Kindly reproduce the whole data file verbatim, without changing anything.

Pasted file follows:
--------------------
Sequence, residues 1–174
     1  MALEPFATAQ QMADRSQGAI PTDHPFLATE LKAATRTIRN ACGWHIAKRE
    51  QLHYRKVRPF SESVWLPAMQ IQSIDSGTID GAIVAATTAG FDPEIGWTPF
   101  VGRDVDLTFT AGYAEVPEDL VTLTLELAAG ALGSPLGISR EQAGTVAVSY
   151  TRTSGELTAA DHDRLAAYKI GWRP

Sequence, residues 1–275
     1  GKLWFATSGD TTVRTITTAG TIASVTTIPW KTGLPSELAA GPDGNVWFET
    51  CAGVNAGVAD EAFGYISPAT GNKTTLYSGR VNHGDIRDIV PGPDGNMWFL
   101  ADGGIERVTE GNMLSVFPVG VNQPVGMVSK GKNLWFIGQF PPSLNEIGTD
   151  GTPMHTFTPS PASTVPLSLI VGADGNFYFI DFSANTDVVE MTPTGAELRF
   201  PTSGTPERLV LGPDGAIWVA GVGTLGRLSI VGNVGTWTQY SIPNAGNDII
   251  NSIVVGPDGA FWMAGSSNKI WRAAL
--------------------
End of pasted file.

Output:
Sequence, residues 1–174
     1  MALEPFATAQ QMADRSQGAI PTDHPFLATE LKAATRTIRN ACGWHIAKRE
    51  QLHYRKVRPF SESVWLPAMQ IQSIDSGTID GAIVAATTAG FDPEIGWTPF
   101  VGRDVDLTFT AGYAEVPEDL VTLTLELAAG ALGSPLGISR EQAGTVAVSY
   151  TRTSGELTAA DHDRLAAYKI GWRP

Sequence, residues 1–275
     1  GKLWFATSGD TTVRTITTAG TIASVTTIPW KTGLPSELAA GPDGNVWFET
    51  CAGVNAGVAD EAFGYISPAT GNKTTLYSGR VNHGDIRDIV PGPDGNMWFL
   101  ADGGIERVTE GNMLSVFPVG VNQPVGMVSK GKNLWFIGQF PPSLNEIGTD
   151  GTPMHTFTPS PASTVPLSLI VGADGNFYFI DFSANTDVVE MTPTGAELRF
   201  PTSGTPERLV LGPDGAIWVA GVGTLGRLSI VGNVGTWTQY SIPNAGNDII
   251  NSIVVGPDGA FWMAGSSNKI WRAAL